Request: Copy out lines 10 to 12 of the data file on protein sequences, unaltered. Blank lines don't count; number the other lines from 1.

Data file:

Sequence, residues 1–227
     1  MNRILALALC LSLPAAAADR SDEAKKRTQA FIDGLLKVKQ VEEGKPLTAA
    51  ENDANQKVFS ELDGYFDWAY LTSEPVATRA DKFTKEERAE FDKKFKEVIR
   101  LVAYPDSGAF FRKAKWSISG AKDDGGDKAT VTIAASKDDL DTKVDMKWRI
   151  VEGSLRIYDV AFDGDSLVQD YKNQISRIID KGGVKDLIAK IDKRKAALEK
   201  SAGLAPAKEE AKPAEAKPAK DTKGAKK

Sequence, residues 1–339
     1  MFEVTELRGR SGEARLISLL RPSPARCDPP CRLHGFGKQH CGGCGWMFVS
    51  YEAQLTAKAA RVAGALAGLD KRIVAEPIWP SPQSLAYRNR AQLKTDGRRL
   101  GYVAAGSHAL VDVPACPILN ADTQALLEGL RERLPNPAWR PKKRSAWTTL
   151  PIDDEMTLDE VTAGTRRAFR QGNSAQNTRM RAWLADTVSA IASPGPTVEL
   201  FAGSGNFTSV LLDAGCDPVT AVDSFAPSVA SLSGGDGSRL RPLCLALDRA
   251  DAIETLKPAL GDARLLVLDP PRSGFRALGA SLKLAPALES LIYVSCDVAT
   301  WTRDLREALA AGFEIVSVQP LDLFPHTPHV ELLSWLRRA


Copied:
   101  GYVAAGSHAL VDVPACPILN ADTQALLEGL RERLPNPAWR PKKRSAWTTL
   151  PIDDEMTLDE VTAGTRRAFR QGNSAQNTRM RAWLADTVSA IASPGPTVEL
   201  FAGSGNFTSV LLDAGCDPVT AVDSFAPSVA SLSGGDGSRL RPLCLALDRA